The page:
Apple shares hit new all-time intraday and closing highs

In Nasdaq trading today, shares of Apple Inc. (AAPL) rose $1.59, or 0.84%, to hit a new all-time closing high of $191.83. Apple’s previous all-time closing high was $190.24 set on June 1 2018.

AAPL’s all-time intraday high stands at $193.42, also set today.

Apple’s 52-week low stands at $142.20.

Apple, the world’s most valuable company, currently has a market value of $942.871 billion.

The top five U.S. publicly-traded companies, based on market value:
1. Apple (AAPL) – 942.871B
2. (AMZN) – $808.034B
3. Alphabet (GOOGL) – $796.004B
4. Microsoft (MSFT) – $781.151B
5. Facebook (FB) – $559.474B

Selected companies’ current market values:
• Berkshire Hathaway (BRKA) – $474.661B
• Walmart (WMT) – $252.201B
• Intel (INTC) – $264.828B
• Cisco (CSCO) – $204.952B
• Taiwan Semiconductor (TSM) – $197.575B
• Disney (DIS) – $149.41B
• IBM (IBM) – $131.306B
• Adobe (ADBE) – $124.762B
• SoftBank (SFTBF) – $76.799B
• Sony (SNE) – $60.657B
• Tesla (TSLA) – $50.385B
• Hewlett-Packard (HPQ) – $37.325B
• Sirius XM (SIRI) – $31.799B
• Spotify (SPOT) – $29.008B
• Twitter (TWTR) – $28.406B
• Advanced Micro Devices (AMD) – $14.395B
• BlackBerry (BB) – $6.424B
• Pandora (P) – $1.925B
• Fitbit (FIT) – $1.414B
• RealNetworks (RNWK) – $131.486M

AAPL quote via NASDAQ here.

MacDailyNews Note: The market finally seems to have figured out beforehand that WWDC is a developer conference that’s naturally focused on software and therefore did not punish Apple for not debuting new hardware, for a welcome change!

Apple shares hit new all-time closing high – June 1. 2018
Apple shares hit new all-time closing high – May 10, 2018
Apple shares hit new all-time closing high – May 9, 2018
Apple shares hit new all-time closing high – May 8, 2018
Apple shares hit new all-time intraday and closing highs – May 7, 2018
Apple shares hit new all-time intraday and closing highs – May 4, 2018
Apple shares hit new all-time intraday and closing highs – March 12, 2018


  1. If Apple hadn’t recently bought back about 40 million shares, part of the recent $100 billion buyback program, it would be worth about $976 billion.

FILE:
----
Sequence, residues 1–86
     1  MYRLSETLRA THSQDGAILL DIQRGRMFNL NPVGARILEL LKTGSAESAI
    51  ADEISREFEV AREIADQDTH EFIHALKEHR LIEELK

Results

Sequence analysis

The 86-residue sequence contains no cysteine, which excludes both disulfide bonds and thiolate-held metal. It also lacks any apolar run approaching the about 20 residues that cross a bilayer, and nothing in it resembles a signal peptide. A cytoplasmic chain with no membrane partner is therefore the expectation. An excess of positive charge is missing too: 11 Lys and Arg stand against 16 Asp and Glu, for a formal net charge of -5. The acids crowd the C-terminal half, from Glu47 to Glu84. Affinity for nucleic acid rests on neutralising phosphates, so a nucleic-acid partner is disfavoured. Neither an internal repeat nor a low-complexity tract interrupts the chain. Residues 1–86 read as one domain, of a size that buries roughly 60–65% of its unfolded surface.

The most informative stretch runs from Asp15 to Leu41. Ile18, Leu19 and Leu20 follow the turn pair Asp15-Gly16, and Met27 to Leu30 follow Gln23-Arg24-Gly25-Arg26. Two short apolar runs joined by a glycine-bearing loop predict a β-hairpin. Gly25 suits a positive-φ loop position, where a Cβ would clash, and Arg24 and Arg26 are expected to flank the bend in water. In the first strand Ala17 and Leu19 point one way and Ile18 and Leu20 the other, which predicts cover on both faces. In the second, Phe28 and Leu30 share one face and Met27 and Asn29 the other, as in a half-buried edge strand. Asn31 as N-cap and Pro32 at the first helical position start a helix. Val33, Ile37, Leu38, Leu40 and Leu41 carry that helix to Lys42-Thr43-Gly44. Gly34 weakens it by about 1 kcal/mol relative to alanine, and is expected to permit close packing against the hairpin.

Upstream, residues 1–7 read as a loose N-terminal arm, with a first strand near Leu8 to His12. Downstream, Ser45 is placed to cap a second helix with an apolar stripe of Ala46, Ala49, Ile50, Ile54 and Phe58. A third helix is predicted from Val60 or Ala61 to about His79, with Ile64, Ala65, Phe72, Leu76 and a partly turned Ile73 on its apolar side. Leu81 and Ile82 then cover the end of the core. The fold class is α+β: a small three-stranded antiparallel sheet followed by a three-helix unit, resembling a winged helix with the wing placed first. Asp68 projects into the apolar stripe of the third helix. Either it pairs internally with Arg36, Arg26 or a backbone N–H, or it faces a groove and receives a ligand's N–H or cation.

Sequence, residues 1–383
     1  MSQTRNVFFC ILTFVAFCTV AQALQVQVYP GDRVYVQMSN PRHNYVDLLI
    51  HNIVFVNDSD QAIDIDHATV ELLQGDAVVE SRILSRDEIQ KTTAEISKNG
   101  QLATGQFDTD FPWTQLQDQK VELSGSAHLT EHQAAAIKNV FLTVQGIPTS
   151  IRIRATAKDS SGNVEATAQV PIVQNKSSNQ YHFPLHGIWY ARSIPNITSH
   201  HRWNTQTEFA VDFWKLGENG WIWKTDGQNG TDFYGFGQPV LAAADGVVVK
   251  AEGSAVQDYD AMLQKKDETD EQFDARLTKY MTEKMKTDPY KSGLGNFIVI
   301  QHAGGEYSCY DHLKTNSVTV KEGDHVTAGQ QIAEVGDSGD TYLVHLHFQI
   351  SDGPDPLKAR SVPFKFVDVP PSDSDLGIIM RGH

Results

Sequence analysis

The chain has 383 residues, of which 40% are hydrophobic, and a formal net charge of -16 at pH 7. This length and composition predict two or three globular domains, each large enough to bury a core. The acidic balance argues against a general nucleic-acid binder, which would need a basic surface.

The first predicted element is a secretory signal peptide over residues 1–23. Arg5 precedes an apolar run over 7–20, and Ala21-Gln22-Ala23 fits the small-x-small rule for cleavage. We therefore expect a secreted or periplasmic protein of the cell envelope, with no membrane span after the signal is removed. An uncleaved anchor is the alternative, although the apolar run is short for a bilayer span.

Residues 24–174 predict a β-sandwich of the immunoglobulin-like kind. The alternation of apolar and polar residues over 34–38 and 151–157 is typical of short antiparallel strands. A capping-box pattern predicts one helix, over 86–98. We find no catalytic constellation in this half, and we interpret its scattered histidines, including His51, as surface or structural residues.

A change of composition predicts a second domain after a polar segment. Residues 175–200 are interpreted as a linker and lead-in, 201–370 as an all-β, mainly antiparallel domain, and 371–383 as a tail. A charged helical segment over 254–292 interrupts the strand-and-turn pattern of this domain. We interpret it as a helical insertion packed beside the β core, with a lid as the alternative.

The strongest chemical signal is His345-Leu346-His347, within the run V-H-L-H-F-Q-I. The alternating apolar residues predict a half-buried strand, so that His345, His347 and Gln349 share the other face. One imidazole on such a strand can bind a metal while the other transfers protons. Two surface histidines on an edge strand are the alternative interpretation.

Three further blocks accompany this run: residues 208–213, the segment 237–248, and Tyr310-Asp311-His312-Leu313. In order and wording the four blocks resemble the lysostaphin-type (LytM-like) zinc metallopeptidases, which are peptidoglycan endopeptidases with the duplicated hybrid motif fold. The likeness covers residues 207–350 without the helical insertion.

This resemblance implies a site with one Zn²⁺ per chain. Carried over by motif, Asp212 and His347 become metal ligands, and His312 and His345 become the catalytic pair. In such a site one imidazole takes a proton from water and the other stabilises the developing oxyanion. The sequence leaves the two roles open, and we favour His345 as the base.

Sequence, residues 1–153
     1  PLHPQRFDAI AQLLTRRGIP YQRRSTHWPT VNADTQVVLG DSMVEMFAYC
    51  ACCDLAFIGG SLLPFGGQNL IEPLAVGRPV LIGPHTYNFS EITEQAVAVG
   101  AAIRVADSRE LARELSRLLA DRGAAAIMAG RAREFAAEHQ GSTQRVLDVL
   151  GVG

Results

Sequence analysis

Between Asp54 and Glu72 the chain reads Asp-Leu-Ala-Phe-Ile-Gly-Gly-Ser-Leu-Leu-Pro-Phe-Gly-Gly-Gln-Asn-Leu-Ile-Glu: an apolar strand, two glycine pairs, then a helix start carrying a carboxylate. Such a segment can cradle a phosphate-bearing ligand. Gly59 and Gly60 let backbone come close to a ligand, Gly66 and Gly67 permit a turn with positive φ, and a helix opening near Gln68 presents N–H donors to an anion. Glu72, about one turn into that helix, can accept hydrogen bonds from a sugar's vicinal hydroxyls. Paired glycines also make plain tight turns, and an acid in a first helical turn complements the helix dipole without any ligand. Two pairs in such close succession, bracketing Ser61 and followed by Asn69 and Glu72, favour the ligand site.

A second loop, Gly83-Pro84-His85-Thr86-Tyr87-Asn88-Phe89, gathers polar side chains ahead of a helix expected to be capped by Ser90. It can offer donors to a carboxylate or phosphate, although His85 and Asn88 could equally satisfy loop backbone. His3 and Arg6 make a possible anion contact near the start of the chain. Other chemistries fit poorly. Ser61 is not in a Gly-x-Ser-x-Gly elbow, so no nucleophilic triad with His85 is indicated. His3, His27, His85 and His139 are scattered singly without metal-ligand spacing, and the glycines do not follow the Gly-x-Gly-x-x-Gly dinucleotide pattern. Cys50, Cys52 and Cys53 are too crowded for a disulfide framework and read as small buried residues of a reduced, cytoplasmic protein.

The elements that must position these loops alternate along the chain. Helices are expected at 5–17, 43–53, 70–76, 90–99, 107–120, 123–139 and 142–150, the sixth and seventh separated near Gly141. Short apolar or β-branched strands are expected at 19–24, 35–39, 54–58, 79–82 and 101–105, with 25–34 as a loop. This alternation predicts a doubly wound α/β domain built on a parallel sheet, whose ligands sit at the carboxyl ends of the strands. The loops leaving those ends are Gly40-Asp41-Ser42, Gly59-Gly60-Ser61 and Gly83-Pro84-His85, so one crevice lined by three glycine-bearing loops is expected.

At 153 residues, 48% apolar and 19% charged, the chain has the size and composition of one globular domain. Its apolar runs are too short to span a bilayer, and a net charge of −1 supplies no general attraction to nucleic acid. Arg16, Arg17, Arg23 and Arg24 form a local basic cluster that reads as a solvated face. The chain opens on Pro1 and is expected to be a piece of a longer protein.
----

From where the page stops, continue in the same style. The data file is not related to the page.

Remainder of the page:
1. Mathematically share buybacks have Zero effect on market cap.. …

      This seems to be a very common misunderstanding.

      The only two factors effecting market cap:
      PE multiple ( psycological/perception factor )

      Buybacks do nothing for cap…. they help the stock price given a pe ).
      Reduced # shares=higher eps
      Increased # of shares = lower eps

      Imo, the misunderstanding/ confusion comes from EPS effect …..
      Lets follow the equations.. i think it will become clear.

      First and foremost before anything else :
      1) Market cap = PE X EARNINGS . Number of shares is irrelevant .
      But Also
      2)Market cap = Stock price x number of shares .
      3)Stock price = earnings / number of shares x PE. Or EPS /PE

      Substituting stock price in the 2nd equation.

      Market cap=( earnings/ number of share x PE ) / number of shares >>>. Number of shares cancel out in the equation. And we are back to
      Market cap= Earnings x PE

      Number of shares is irrelavant to market cap.

      Its EPS that is effected by number of shares

      EPS= Earnings / number of shares .
      So the more the number off shares .. the less earnings per share…. or the less number of shares the higher earnings per share ( for a given earning ).
      Basically same pie size but different slice sizes, depending on how many slices u cut the pie in . But at the end the pie is the same size,( pie is the cap )